Sunday, 15 December 2013

Islay 1 - Ardnave

 
A touch of Ardnavery 


 
 
 
 
I park by the bones of some earlier visitor to Ardnave Loch, picked clean and bleached by the salty air. It is raining. Windy. But this is northern Islay, and the next stop westwards is Nova Scotia.


Local Beef
 
 
I haven’t gone far when my phone rings. Typical. No signal over most of the island and just when I was anticipating a walk into nothingness to rival the romantic poets, I am contacted by my mother’s care home to tell me she may have arthritis in her knee. Water trickles down my sleeve in sympathy, as two Chough flap past like shreds of black plastic.
 


Oystercatchers and Chough on the beach



The track from the farm leads quickly down toward the shore, and mercifully, the rain peters out. A dozen Chough scour the sand for food, while Oystercatchers paddle on the beach, and a flock of Sanderling speed across the wave tops, folding back on themselves mere inches above the water. Amazing.

Here come the cavalry

 The walk to Ardnave Point and back to the car park is supposed to be three and a half miles, and I was supposed to allow two hours. Seemed easy to me, but some of the going is boggy, and I get distracted by viewpoints of Nave island, and then a sign which says “Otters and Seals” takes me off course. Could this be my chance to play with otters, Gavin Maxwell style? No. It’s not my day, though I do see a dark seal head bobbing in the shallows, her deep eyes calling me, Silkie-like, to take a dip.

 


A Peregrine scuds past across the edge of the dunes and I realise I am being watched, as the shadows of Ravens follow me around the head.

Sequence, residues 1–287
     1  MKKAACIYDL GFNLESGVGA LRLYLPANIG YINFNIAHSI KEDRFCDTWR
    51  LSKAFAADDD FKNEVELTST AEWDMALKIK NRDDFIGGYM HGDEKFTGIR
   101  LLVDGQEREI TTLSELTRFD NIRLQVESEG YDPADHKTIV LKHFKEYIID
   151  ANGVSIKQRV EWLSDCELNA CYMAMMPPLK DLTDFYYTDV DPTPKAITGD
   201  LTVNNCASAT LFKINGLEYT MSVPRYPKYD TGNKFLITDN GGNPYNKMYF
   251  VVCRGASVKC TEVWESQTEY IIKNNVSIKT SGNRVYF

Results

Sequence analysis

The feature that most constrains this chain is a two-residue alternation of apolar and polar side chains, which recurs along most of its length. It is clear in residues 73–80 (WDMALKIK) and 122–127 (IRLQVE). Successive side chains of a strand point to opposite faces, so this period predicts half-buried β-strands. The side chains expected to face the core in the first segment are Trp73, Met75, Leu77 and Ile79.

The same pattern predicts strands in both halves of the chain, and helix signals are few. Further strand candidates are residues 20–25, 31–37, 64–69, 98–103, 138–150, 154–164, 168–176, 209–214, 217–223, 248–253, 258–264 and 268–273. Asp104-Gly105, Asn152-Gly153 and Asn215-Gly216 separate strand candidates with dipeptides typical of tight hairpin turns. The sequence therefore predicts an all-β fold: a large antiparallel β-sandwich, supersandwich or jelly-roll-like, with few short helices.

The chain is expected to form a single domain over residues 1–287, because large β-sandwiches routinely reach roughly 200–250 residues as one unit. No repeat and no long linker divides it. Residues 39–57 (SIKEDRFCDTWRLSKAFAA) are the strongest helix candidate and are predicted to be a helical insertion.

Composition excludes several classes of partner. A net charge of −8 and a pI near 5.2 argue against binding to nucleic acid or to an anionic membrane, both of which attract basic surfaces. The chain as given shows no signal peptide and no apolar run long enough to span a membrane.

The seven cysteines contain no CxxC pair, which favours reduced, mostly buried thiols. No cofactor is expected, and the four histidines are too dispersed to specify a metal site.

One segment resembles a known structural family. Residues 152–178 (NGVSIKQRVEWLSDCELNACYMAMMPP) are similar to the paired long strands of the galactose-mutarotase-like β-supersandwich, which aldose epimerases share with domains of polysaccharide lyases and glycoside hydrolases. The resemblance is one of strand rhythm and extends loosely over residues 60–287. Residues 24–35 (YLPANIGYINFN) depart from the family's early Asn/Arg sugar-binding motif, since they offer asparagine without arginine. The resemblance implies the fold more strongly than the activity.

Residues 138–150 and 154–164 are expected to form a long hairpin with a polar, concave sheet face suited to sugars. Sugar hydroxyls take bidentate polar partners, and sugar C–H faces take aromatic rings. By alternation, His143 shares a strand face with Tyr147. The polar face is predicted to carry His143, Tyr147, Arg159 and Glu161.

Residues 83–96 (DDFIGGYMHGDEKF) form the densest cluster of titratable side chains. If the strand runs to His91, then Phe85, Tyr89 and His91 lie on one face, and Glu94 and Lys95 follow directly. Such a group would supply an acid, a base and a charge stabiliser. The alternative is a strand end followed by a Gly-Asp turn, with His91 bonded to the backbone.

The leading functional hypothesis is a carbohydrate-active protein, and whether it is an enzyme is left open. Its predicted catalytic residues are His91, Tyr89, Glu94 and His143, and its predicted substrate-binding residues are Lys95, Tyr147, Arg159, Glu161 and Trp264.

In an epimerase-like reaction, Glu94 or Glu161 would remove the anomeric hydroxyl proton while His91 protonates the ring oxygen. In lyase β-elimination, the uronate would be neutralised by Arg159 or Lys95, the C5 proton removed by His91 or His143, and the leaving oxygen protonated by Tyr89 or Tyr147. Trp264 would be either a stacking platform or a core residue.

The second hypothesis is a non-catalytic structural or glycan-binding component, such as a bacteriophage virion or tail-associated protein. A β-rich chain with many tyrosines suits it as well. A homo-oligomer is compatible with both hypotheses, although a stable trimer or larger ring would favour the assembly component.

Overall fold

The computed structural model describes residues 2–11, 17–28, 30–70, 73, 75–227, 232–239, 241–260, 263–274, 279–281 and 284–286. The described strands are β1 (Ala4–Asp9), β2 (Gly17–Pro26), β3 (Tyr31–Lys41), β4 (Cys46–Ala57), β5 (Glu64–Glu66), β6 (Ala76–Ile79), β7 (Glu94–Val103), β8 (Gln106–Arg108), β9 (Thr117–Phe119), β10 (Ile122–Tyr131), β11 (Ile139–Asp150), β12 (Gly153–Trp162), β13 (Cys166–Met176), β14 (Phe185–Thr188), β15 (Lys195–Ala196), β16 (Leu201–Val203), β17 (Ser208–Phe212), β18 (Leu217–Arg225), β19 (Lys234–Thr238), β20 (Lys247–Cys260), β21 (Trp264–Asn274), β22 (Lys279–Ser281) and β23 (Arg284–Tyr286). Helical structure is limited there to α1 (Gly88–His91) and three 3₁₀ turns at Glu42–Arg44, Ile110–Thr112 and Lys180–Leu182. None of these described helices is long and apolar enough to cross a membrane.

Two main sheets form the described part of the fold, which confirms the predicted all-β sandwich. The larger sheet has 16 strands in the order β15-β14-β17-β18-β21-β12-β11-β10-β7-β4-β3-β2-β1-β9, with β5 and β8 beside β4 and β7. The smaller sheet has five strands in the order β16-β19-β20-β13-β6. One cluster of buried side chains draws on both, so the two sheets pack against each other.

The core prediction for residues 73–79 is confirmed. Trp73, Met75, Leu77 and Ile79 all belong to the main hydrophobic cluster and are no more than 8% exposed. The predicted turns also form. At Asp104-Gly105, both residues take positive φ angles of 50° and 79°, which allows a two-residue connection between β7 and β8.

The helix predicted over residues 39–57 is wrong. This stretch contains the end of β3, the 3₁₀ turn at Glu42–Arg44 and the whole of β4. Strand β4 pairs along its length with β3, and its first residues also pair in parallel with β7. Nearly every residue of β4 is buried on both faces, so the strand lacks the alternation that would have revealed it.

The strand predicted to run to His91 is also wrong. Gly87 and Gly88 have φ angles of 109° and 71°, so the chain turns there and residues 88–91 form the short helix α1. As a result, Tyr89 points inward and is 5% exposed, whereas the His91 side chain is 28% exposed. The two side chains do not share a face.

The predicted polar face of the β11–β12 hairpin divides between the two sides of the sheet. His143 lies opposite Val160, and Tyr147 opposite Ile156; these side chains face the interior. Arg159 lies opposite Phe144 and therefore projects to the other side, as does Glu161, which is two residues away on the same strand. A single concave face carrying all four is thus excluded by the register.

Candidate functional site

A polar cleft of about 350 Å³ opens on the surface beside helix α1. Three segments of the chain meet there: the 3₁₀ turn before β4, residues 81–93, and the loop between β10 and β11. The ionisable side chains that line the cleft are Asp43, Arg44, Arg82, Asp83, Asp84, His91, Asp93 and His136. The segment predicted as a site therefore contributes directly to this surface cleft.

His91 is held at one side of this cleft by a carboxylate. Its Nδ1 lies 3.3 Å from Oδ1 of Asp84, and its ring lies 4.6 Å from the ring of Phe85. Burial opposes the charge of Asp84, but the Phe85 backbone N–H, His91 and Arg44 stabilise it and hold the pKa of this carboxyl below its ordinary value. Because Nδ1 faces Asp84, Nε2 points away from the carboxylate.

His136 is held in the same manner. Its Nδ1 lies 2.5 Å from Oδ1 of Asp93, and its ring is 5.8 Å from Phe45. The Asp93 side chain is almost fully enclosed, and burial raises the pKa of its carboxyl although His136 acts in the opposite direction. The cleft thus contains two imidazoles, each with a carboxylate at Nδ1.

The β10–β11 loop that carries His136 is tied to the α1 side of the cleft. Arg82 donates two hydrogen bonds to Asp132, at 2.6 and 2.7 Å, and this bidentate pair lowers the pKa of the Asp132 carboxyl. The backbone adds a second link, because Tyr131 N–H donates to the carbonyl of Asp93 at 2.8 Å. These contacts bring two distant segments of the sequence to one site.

The Unquiet Grave

By Duncan Campbell Esquire’s 1825 grave I begin to tire, but am only halfway round. Would those Ravens have been responsible for the clean bones at the car park? I start a Snipe, which startles me in turn as it zigzags up from my path. Further on, where the grass is longer over the dunes on the eastern side of the headland, I disturb a couple of Skylarks, which then upset a Curlew, which beats away and spooks the grazing Barnacle Geese, and the sky is full of dark shapes, barking as they fly up.

 

 
When views up Loch Gruinart unfold, and the distant chimneys of habitation appear, my hopes are raised, and not even the Buzzard atop a fence post can deter me from the final run down to the Whooper Swans, Teal and Goldeneye on Ardnave Loch. Three hours or more,  damp and tired, but a great walk.


 

And the car is still there!



 
 
[This piece was first published on the RSPB Loch Gruinart Blog page, but with different pictures.]

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